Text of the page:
Political Incentive Failure Driving Fiscal Data Deficit

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Timely disclosure of fiscal data is constraining delivery of the national budget and depriving the marginalised citizens in Bangladesh of receiving the required government support. Ministry of Finance must take the lead to ensure better delivery of fiscal data to aid budgetary decisions. The producers of fiscal data, particularly the Ministry of Finance, appear to be quite content with the present status quo of fiscal data.

To bring forth the much-required improvement, there is a need for a big push from the demand side, particularly on the part of policymakers, including the elected public representatives. At present, this charge is being led by the data analysts. It was further stated that the improvement in the area of fiscal data would require considerable political will and a change in the mindsets of core actors. Political incentives shall need to be created to bring such changes. It has to be realised that the timely disclosure of accurate fiscal data can only improve the implementation of the national budget and attainment of the national development objectives.

These observations emerged at the dialogue titled ‘Challenges of Improving Fiscal Data for Policymaking in Bangladesh’. The dialogue was organised by the Centre for Policy Dialogue (CPD) in partnership with The Asia Foundation – Bangladesh on Thursday, 24 February 2022, at the Sheraton Banani, Dhaka.

Dr Debapriya Bhattacharya, Study Team Leader and Distinguished Fellow, Centre for Policy Dialogue (CPD), Chaired the session. In his remarks, he reemphasised that fiscal data has a critical role not only from the perspectives of accountability and transparency for the development process of the country but also for policymaking. The prevailing dearth of timely delivery of quality fiscal data as per the demand may have emerged from several sources, including lack of awareness, capacity, urgency for sustainability, and absence of procedure and application. He opined that a political stimulus would be required to bring positive changes to this end.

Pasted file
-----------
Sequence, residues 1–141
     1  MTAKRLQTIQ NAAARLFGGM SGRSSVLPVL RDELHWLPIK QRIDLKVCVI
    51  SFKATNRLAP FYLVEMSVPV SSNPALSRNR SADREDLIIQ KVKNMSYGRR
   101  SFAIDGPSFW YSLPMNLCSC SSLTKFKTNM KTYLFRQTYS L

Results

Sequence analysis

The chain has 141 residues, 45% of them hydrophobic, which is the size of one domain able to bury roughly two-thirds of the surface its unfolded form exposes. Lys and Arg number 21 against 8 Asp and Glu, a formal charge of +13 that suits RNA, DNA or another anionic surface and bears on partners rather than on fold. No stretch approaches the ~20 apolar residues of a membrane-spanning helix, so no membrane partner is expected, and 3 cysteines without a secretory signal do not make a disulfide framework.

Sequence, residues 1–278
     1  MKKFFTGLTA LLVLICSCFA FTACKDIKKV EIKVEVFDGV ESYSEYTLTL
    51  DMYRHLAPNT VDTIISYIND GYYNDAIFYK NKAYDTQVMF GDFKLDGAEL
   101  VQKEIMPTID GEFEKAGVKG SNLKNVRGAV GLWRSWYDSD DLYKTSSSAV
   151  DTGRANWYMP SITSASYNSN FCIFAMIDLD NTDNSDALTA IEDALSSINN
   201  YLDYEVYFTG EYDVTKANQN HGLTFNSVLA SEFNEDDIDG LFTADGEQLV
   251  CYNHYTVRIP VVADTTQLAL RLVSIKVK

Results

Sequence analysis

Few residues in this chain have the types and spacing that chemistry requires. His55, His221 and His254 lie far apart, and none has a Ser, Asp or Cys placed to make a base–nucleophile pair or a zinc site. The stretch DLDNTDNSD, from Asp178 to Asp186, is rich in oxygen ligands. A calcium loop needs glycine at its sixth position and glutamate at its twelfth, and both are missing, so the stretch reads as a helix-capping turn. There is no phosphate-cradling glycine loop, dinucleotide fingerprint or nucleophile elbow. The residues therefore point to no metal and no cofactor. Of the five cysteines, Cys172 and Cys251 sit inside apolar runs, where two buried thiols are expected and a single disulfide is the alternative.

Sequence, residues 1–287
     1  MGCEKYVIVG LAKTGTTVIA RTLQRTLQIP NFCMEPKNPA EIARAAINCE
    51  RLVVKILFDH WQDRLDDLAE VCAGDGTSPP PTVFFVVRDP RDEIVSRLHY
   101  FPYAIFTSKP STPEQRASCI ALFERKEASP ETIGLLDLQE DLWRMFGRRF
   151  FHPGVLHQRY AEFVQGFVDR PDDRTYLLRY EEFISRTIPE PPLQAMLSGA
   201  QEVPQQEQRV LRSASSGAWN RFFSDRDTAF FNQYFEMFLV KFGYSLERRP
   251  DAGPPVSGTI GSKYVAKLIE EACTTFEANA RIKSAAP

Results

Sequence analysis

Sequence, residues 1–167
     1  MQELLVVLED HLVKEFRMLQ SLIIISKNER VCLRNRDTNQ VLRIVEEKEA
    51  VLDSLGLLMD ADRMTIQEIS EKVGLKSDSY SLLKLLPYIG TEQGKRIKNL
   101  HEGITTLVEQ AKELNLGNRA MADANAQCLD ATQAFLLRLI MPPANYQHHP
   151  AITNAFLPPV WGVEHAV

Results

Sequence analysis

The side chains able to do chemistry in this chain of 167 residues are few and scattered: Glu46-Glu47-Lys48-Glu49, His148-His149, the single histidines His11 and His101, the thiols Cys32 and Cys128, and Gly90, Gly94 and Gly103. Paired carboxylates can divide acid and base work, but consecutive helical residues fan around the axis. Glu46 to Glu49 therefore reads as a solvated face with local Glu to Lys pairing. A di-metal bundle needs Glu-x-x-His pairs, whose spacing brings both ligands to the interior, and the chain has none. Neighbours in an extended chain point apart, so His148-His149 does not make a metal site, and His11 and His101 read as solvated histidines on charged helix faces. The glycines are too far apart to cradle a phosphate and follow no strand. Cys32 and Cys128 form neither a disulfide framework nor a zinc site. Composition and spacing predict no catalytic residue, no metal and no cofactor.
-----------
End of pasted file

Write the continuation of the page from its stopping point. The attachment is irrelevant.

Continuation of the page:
The keynote presentation at the dialogue was delivered by Mr Towfiqul Islam Khan, Senior Research Fellow, CPD based on a recent study conducted by the CPD research team. The study explores ways and means to improve accountability, ensure good governance and support budgetary decision making in the country through timely disclosure of quality fiscal data. The study urged to report actual expenditure on social protection and subsidies, and transfers should be reported on a monthly basis as well as project-wise ADP expenditure. The study also apprehended that it may be possible that due to a lack of availability of timely fiscal data, the government could not adequately utilise the available fiscal space. As a result, the government may be forced to pursue a relatively conservative attitude in extending budgetary allocations for cash transfer and subsidy to combat the COVID-19 pandemic and rising commodity prices.

The presentation focused on four fundamental dimensions of fiscal data: availability, accessibility, agility (promptness), and accuracy. In terms of ‘availability’, the major concerns begin with the absence of several key fiscal indicators, followed by inadequate levels of disaggregation. The degree of ‘access’ becomes limited when certain documents are not available on public domains or are provided in a non-user-friendly manner. In the case of ‘agility’, the persistent issue remains to be the timeliness of reporting. Finally, the major concern as regards the ‘accuracy’ of fiscal data continues to be the see inconsistency amongst the data provided by national data suppliers.

Professor Rehman Sobhan, Chairman, CPD shared special remarks at the dialogue. He hypothesised that the quality of data would be maintained if the generated data is derived from the needs of the primary data users, i.e., policymakers. However, the majority of demand for change in data quality comes from outside the government, which is a critical weakness as the driver of change should be from within the government.